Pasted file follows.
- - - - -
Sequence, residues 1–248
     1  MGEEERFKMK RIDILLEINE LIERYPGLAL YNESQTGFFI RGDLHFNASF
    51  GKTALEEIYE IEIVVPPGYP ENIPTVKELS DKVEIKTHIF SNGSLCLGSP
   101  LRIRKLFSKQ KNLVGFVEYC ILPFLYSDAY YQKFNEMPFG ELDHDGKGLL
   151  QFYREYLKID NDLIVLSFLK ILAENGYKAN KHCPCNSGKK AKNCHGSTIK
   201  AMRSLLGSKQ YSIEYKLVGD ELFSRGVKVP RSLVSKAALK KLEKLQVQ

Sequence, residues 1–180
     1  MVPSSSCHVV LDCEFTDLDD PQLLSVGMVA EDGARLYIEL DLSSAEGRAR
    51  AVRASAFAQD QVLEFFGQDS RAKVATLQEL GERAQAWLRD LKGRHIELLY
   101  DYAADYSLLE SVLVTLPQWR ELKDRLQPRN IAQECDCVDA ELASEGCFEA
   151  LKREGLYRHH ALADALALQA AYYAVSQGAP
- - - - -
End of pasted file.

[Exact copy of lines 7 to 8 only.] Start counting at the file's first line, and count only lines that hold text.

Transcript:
Sequence, residues 1–180
     1  MVPSSSCHVV LDCEFTDLDD PQLLSVGMVA EDGARLYIEL DLSSAEGRAR